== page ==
1. To seed sensational reporting of "nothing" results, such as this article.

2. Increasing citation counts of their buddies.

They certainly weren't trying to increase the sum of human knowledge.

agelbert reply to David Keech


I suspect the precautionary principle has left your mind and your vocabulary. That is, if that time tested principle of the scientific approach to innovation was ever part of your profit over planet mindset.

We have FOOD that got to be the way it is BECAUSE of many reasons that our science STILL DOES NOT UNDERSTAND!

WE are the product of that food. Fuc king around with the genome of life forms REQUIRES generational studies! We HAVE NOT done that with GMO. You know that and you DON'T CARE because you and people like you have shi t canned the PRECAUTIONARY PRINCIPLE in blatant disregard for the scientific method.

In a single tomato, there are THOUSANDS of enzymes that we STILL haven't discovered the biochemical pathways of. It is hubris, and extremely dangerous hubris at that, to believe we have the nutritional package of our food "all figured out".

Your analysis is criminally and irresponsibly flawed. I will trust nature's hundreds of thousands of years of engineering for LIFE before I will trust Monsanto's few decades of engineering for PROFIT!

Will reply to agelbert


You said "In a single tomato, there are THOUSANDS of enzymes that we STILL haven't discovered the biochemical pathways of."

That is true.

The reason you are going to have trouble convincing a biologist that GMOs are inherently dangerous, or more dangerous than traditionally modified plants (through selective breeding) is the fact that every organism is made up of hundreds of thousands of different proteins, most of which we don't fully understand.
Think about this, when an organic farmer creates a new variety of a crop, what has happened is they have engineered the plant's DNA to express certain proteins differently that the original plant, so, out of the hundreds of thousand of proteins and unknown number of those proteins have been altered in mostly unknown way. It is always possible that some of those new, randomly generated proteins will have a negative effect on human health. Breeders don't really think about that because after thousands of years of randomly altering a plants DNA through selective breeding, people aren't showing up sick because of it. Most of our modern crops were created using this random process.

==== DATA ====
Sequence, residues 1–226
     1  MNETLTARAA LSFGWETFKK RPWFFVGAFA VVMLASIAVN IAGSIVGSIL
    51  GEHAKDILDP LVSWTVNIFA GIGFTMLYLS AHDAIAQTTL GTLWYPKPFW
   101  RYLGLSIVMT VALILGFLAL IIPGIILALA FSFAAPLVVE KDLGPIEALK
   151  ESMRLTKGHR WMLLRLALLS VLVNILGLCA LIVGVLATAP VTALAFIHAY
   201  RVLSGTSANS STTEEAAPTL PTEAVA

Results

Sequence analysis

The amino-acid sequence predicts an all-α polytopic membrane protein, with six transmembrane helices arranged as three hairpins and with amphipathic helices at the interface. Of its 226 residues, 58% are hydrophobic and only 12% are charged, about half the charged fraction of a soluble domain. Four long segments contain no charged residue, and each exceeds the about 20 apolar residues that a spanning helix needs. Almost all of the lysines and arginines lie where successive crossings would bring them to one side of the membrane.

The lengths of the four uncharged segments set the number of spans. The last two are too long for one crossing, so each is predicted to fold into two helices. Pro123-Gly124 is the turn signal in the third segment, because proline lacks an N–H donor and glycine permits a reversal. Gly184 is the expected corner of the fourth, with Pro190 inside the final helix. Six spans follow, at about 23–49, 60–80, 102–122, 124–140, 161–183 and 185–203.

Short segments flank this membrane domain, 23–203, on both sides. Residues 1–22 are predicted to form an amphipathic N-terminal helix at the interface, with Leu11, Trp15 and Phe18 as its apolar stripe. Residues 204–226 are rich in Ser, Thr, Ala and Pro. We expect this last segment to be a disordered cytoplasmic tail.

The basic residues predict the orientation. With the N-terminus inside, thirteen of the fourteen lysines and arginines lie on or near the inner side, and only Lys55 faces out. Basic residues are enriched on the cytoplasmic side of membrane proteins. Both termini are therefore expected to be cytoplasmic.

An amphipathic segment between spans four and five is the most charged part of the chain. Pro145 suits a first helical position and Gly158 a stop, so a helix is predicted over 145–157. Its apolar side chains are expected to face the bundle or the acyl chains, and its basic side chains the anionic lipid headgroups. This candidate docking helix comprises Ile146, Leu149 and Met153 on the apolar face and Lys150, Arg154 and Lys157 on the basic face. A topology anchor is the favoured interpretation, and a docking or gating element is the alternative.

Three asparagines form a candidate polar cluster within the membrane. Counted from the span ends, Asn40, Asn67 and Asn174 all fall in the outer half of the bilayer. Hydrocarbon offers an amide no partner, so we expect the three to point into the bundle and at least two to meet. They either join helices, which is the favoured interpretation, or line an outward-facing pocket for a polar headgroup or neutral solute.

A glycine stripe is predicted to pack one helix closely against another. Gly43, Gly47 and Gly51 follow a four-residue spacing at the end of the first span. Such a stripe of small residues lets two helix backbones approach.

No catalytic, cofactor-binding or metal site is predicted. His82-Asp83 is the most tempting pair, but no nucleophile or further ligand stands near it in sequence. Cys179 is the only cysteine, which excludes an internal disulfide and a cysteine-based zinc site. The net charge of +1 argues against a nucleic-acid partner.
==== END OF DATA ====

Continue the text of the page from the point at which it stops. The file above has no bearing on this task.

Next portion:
Contrast a traditionally altered plant with a plant that was altered in a lab and you will begin to see why it is so difficult to convince a biologist that GMOs (in general) are more dangerous than traditionally modified plants.

A GMO plant is a plant where, out of the hundreds of thousand of proteins, no more than a few protein in that plant have been engineered into the plant by people who already have a better understanding of those proteins than an organic farmer has of the dozens of new proteins that show up in a new traditionally bred variety of plant.

By the logic you are using every single new variety of seed (whether organic or GMO) should be put through the same gauntlet of tests that we put new drugs through.

Should we be concerned about ALL new varieties of crops? Should we make a label to signify "this is a new variety of plant, and contains proteins (chemicals) that have not been thoroughly studied."for every single new variety of plant?

agelbert reply to Will